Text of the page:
Before her death, the Nun Theodora secluded herself in her cell with the child and in last-wishes bid him to love God, and she asked the compliance of the hegumen and the brethren, to preserve tranquility, to be meek and without malice, to shun obscenity and silliness, to love non-covetousness, and to keep in mind their community life. After this, standing at prayer, for a final time she asked of the Lord forgiveness of her sins. The child also prayed together with her. Soon the words of prayer gave way to death on the lips of the ascetic, and she peacefully expired to an higher world (+ c. 474-491).
The Lord revealed to the hegumen the spiritual accomplishment of the saint and about her concealed secret. The hegumen, in order to remove any disrepute from the deceased, – in the presence of the hegumen and brethren of the Enata monastery, told about his vision and for proof uncovered the bosom of the saint. The Enata hegumen and brethren shrank back in terror at their great transgression, and having fallen down at the body of the saint, with tears they asked forgiveness of the Nun Theodora. News about the Nun Theodora reached her former husband. He took monastic tonsure at this selfsame monastery where his wife had been. And the child, raised by the nun, likewise followed in the footsteps of his foster-mother. Afterwards he became hegumen of this very monastery.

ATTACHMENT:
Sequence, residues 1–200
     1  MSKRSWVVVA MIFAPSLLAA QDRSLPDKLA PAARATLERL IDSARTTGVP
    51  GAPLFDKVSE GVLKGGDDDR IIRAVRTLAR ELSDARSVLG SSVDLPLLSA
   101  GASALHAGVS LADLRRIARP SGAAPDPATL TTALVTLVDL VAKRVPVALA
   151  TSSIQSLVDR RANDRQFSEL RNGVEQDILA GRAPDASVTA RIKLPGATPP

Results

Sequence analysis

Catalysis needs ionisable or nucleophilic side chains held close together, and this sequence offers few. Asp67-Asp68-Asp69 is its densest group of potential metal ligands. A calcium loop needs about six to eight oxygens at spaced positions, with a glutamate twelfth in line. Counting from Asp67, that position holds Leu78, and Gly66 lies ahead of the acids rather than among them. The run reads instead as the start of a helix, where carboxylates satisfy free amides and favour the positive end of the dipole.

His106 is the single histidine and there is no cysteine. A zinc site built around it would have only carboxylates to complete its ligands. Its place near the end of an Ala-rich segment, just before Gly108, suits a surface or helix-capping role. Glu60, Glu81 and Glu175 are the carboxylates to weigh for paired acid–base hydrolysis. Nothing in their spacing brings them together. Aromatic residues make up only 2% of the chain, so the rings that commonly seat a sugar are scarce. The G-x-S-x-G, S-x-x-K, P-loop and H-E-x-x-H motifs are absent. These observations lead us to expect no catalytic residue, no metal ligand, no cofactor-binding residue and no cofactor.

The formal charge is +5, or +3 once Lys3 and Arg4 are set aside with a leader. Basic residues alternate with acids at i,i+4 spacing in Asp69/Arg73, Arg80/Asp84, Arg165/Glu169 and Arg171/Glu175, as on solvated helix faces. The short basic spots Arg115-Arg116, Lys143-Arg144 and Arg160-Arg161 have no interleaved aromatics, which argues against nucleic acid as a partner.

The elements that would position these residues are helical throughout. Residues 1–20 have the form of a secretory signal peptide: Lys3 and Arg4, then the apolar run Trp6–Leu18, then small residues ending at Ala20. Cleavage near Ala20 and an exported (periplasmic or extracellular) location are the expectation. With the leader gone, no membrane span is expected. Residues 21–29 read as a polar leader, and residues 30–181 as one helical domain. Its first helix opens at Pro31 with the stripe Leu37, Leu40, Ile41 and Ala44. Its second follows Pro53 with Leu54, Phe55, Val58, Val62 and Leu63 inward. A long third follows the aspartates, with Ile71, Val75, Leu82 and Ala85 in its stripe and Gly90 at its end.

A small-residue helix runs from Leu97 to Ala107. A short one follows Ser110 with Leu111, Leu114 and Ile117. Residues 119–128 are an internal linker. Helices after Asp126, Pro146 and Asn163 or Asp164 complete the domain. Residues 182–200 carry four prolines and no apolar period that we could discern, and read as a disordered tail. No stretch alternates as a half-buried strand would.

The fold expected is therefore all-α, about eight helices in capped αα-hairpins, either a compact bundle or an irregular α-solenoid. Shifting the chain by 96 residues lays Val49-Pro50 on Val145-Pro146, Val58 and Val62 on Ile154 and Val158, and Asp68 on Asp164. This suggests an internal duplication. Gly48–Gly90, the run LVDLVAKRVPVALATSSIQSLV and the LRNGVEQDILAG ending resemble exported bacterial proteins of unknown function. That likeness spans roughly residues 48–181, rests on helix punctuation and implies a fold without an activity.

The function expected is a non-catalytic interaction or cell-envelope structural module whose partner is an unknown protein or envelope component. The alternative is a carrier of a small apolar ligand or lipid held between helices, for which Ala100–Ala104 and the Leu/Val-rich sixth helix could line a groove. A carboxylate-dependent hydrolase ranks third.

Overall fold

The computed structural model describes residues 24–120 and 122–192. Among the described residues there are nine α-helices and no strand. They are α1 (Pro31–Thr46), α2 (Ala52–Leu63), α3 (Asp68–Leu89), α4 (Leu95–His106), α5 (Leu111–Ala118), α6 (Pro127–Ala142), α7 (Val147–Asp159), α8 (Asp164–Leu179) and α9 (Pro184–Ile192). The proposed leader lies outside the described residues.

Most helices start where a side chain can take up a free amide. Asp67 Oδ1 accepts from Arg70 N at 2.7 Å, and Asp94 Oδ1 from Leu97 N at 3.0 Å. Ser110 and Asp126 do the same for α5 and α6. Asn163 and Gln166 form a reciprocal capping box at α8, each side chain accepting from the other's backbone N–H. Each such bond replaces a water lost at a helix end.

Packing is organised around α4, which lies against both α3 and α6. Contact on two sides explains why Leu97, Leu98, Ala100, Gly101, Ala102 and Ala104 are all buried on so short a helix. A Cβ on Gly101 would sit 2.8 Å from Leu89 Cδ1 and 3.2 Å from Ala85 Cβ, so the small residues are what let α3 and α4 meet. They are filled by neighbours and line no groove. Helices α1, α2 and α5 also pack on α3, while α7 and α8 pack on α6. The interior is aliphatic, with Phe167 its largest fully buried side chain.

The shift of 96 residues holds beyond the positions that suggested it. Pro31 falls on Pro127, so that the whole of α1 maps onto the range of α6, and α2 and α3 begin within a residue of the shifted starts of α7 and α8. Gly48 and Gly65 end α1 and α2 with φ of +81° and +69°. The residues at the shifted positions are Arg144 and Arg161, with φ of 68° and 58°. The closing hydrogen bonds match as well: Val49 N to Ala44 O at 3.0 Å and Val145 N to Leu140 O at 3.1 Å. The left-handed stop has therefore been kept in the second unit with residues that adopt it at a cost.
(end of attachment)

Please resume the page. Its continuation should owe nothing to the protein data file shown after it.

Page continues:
[Trans. Note: One might find highly implausible a beardless monk dwelling in a monastery for so long a period of time unquestioned. But perhaps eunuch-castrates were still common at this time, and as such losing also the capacity to grow beards. The matter of cross-dressing in men’s monastic attire is a literary gendre occuring also in the lives of other women saints, usually only for the purposes of concealment and for but a short time. But as the “Redaction” account introducing the Russian original of our text indicates, the Saint-Lives reflect a broad spectrum of historical sources compiled with differing intended purposes, often other than the “modern” penchant for strict recording of historical facts. Which is to say, the account may have been embellished to in entertaining edify both the common man and woman, as well as the sophisticated. Certainly many a Saint-Vita contains an account of a virtually unhurtable and well-nigh unkillable martyr, – so that one is left to wonder that the persecution of Christians by the pagans of old, who in the torturing sometimes themselves dropped down dead, – should have taken so very long, to end. But beneathe any of these embellishments is an actual historical person, who witnessed to Christ our Lord. And to write the miraculous off as mere fable, – is foolish. The spiritual task herein is one of discernment between embellishment and fact].